Alaska shutdown could have far-reaching effects

There’s a long list of state government services that would grind to a halt on July 1st if lawmakers can’t agree to a budget.

Governor Bill Walker (Photo: Alaska’s Energy Desk)

Each state department put out a separate laundry list of services that would stop if there’s a state government shutdown. Governor Bill Walker said he wants the departments to be prepared.

Listen Now

“Our focus of what we’re doing, you know, today in this particular situation is really  focused solely on being prepared – and that’s really what it comes down to. … as prepared as one can be – I’ll put it that way – for July 1,” Governor Walker said.

The shutdown could immediately cost the state more than $150 million. The biggest reason is that the state would be required to pay laid off unionized workers for leave time they’ve built up. The state also would lose fees paid to the DMV.  And it would have to pay out unemployment insurance to workers.

But many question remain. It’s not clear on how much commercial fishing would be allowed if the Department of Fish and Game shuts down.

Fish and Game Commissioner Sam Cotten said workers will be out in the field until the deadline.

“We are working with the Department of Law to determine what we can do,” Cotten said. “We know that there’d be severe economic distress in a billion dollar industry and thousands of jobs could be affected. So, we’re not taking it lightly.”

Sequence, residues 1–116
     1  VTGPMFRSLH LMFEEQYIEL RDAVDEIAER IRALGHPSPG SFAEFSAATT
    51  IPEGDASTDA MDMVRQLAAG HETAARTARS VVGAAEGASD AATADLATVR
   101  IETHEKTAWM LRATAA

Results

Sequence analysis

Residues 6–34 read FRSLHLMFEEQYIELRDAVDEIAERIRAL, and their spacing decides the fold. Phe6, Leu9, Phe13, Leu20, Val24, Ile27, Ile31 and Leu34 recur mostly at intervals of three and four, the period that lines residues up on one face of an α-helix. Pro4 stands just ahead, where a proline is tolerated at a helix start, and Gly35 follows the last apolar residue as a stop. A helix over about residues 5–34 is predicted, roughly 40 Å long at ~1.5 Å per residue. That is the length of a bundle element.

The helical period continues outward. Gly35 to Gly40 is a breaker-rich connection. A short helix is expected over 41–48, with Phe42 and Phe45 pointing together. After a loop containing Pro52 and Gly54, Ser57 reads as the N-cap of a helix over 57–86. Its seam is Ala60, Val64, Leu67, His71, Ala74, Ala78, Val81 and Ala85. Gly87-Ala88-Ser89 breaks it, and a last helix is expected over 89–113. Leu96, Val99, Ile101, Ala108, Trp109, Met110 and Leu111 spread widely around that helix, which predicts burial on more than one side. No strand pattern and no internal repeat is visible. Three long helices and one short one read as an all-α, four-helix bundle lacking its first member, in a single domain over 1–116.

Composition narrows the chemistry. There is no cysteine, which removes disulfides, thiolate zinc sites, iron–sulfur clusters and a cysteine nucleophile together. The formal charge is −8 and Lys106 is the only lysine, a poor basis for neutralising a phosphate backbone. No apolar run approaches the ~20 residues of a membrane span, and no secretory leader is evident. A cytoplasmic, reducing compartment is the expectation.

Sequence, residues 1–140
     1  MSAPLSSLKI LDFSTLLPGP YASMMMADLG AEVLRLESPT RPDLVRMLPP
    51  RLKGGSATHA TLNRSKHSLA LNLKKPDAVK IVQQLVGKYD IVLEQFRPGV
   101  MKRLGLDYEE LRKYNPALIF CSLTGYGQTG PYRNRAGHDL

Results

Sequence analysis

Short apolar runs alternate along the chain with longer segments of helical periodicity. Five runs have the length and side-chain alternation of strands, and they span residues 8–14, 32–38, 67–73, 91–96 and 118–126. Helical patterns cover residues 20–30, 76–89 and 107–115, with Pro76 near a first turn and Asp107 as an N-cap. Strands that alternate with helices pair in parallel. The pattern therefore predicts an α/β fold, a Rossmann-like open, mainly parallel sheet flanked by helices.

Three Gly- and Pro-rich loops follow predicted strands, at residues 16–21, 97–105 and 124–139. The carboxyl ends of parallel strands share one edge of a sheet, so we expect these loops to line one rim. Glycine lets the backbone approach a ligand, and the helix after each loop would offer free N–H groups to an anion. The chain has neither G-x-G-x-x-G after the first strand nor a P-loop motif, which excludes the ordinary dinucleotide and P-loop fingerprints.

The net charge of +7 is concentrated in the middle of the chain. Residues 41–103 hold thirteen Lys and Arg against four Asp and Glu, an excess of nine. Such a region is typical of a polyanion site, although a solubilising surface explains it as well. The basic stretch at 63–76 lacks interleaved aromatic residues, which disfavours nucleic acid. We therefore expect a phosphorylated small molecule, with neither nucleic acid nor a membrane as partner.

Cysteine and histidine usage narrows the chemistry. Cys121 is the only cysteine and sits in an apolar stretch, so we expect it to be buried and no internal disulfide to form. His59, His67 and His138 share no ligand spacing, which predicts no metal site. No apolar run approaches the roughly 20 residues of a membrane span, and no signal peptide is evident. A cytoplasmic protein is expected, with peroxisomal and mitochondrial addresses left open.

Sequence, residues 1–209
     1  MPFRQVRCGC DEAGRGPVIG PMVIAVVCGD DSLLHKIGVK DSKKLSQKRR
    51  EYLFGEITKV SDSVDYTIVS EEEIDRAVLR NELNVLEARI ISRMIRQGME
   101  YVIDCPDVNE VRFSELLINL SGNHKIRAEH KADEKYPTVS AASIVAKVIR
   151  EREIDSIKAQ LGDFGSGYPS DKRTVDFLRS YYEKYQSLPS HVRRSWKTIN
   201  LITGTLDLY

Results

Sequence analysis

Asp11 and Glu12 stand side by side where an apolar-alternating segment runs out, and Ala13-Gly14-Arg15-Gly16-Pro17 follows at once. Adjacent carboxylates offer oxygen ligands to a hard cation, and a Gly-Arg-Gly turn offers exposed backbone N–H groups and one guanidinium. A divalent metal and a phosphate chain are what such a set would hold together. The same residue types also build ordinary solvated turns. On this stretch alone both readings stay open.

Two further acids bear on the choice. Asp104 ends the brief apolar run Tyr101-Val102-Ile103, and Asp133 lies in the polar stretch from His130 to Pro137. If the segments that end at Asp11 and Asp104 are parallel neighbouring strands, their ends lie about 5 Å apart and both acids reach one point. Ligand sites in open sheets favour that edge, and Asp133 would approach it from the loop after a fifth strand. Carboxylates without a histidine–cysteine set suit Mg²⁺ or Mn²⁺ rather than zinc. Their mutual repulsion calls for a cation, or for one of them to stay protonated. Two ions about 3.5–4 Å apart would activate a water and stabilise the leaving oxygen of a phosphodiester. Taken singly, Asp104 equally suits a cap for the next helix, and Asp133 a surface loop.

The sockeye salmon season in Bristol Bay usually peaks around July 4th, a fact of which Cotton is well aware.

“We actively manage in season,” Cotten said. “So we, especially with salmon, it’s not like another fish that can wait a while before somebody catches it – you have to catch them when they’re there.”

State officials are determining what vital state services affecting public life, health and safety could continue.

The Department of Administration says state payments to vendors and for leases could be stopped.

The Division of Motor Vehicles could stop issuing driver’s licenses and registrations.

New teacher certifications, wastewater permits, and health care facility licenses could also be stopped.

The Alaska Permanent Fund Corporation would stop actively managing funds and making new investments.

The House and Senate majorities are deadlocked over next year’s budget and a long-term plan to balance future budgets. The special session is scheduled to end on June 16th, although lawmakers have until the end of the month to pass a budget if there’s another special session.

Previous articleElders reflect on Aleut evacuation during WWII
Next articleIn a boat race to the Last Frontier, Alaskans opt out